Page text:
About Diabetes

About DiabetesDiabetes mellitus, commonly referred to as diabetes, is a medical condition associated with abnormally high levels of glucose (or sugar) in the blood (hyperglycaemia).

  • Glucose is a type of sugar found in certain foods such as honey and some, but not all, fruits. It is also the form of sugar that all sugary and starchy foods are converted to in the body after digestion. Glucose is used by the body to make energy.
  • Normally, blood glucose levels are tightly controlled by insulin, a chemical signalling substance (hormone) that is produced by a gland near your stomach called the pancreas.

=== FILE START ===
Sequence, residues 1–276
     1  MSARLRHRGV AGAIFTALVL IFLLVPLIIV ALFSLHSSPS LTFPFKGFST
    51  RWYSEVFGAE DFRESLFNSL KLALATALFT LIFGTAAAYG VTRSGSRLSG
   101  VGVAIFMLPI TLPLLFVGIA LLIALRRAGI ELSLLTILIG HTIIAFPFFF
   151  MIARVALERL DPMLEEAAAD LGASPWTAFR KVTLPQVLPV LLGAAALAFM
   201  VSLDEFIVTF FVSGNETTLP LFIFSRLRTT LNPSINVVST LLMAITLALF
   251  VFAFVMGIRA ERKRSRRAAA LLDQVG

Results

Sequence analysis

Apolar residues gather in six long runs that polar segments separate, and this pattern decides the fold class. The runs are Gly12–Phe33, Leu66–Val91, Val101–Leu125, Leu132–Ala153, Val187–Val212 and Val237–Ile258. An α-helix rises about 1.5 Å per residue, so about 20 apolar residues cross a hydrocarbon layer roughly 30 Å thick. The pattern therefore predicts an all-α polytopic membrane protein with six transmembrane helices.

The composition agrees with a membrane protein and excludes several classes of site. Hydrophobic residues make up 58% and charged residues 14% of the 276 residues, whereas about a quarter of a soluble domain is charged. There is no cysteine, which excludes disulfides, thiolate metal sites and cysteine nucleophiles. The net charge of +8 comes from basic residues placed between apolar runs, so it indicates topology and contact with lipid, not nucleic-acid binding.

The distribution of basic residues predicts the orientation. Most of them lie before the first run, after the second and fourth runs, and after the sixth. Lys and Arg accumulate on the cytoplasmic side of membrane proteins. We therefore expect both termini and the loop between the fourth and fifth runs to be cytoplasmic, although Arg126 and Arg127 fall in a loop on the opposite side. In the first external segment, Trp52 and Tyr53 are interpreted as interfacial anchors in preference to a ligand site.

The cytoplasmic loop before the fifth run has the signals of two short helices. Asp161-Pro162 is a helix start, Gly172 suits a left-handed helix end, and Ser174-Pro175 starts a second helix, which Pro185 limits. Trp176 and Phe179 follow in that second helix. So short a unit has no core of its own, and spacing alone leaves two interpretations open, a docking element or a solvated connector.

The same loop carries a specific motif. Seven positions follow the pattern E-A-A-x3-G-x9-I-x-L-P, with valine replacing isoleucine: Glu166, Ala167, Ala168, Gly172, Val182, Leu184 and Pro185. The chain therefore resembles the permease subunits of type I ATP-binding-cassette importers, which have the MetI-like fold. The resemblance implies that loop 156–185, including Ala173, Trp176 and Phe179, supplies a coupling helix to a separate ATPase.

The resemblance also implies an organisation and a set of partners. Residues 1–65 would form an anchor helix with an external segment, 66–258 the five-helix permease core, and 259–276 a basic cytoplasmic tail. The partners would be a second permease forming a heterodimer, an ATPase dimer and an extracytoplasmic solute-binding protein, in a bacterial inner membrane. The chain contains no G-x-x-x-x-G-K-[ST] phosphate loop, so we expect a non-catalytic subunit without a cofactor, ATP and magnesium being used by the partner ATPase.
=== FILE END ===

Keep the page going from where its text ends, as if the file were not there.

• Insulin lowers the blood glucose level because it stimulates the body to make use of glucose.
  • When the amount of glucose in the blood increases, for example, after eating food, insulin is released from the pancreas to normalise the glucose level. However, in patients with diabetes mellitus, the elevated glucose levels cannot be normalised. This causes abnormally high levels of blood glucose, which ultimately leads to the presence of glucose in the urine (glucosuria).

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